when is the religious right going to stop forcing their religion down everyone else's throat? Don't they know we were formed as a secular country for a reason??? Which religion are we going to pick to base our laws on. Christianity? Too broad--which one, Catholic, Lutheran, Baptist, Methodist, Mormon? Which one. Then, if we make abortion illegal, we need to make adultery illegal, and divorce illegal and then maybe multiple wives legal (not husbands mind you, there is no where in the bible where one woman had multiple husbands). Oh, I forgot, drinking, smoking and dancing would be illegal too if we based it off of what the Baptists believe. The Mormons don't believe in caffeine, so no pop, coffee or tea either. (wonder if chocolate is in that group?) Where does it stop? I am a Christian, but that is MY choice. No one forced me. God doesn't force us to believe in him and follow his wishes, why do these conservative religious types think they should be forcing God on everyone else? That is not what he wants. You can't have it both ways. If we could actually teach sex education, to include abstinence AND birth control, and then make birth control affordable and easy to obtain, the abortions could be safe, legal and very few and far between.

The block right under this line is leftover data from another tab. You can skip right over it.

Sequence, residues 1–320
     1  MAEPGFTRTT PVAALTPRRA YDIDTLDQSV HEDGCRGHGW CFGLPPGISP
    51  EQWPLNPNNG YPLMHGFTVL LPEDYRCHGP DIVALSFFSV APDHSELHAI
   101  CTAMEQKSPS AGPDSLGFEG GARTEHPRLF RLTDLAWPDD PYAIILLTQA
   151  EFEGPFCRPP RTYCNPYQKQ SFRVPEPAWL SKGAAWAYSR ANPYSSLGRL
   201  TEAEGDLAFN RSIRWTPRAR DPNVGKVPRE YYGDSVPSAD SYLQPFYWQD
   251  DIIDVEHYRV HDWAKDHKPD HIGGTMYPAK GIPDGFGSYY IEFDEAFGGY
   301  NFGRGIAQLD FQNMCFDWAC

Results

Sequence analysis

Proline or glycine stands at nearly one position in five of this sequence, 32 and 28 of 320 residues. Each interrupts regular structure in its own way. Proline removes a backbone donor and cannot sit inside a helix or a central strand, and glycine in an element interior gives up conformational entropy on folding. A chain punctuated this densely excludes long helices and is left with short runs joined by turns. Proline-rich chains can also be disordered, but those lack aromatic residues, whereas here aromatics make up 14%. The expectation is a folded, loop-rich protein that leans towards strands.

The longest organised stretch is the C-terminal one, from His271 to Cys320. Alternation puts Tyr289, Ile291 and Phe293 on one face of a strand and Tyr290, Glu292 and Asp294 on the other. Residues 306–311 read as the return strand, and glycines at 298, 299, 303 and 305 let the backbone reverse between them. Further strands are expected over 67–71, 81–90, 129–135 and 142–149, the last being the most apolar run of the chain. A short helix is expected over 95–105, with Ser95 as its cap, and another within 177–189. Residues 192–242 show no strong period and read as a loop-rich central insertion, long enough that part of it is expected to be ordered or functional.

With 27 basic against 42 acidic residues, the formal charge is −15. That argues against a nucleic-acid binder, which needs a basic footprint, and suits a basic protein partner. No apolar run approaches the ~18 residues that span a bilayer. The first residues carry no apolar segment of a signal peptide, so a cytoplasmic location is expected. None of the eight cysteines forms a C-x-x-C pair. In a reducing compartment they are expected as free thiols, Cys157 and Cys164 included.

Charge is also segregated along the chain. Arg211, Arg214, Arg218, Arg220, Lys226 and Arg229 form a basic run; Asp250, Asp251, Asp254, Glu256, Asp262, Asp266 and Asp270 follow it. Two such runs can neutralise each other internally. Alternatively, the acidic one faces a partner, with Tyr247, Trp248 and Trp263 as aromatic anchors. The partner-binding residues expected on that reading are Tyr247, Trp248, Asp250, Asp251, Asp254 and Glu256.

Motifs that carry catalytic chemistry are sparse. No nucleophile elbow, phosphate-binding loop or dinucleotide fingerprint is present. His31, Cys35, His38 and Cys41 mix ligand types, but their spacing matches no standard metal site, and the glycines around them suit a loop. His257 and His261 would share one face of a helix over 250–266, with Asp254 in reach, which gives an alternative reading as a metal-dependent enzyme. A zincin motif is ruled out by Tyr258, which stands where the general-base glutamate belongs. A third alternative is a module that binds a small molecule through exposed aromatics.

Mike Wasikowski 6 years, 4 months ago

"We should error on the side of life, not death."

That sounds like good advice to me. I trust you'll support the right of a woman with an ectopic pregnancy to have a life-saving abortion rather than sentencing her to death?

Beth Ennis 6 years, 4 months ago

for you it might not be about religion, but it is a religious issue. If christians would teach their children about abstinence and birth control, a lot of abortions wouldn't be necessary. If we made birth control easier to get, a lot of abortions wouldn't be necessary. The religious right prevents schools from teaching sex education. So many are hypocrites who weren't virgins when they got married. I work with some as does my husband. But they don't want their children to be taught anything but abstinence. That is not realistic.

Kendall Simmons 6 years, 4 months ago

The problem is that we devalue the lives of women by telling them what they must or must not do with their wombs. By telling them that they are not as important as something smaller than a kidney bean. By telling them that, because they obviously brought this all on themselves, they've proven they aren't capable of making intelligent decisions, so total strangers get to decide for them.

"Erring on the side of life" doesn't mean granting legal "personhood" status to zygotes at the expense of thinking, breathing, unique human beings.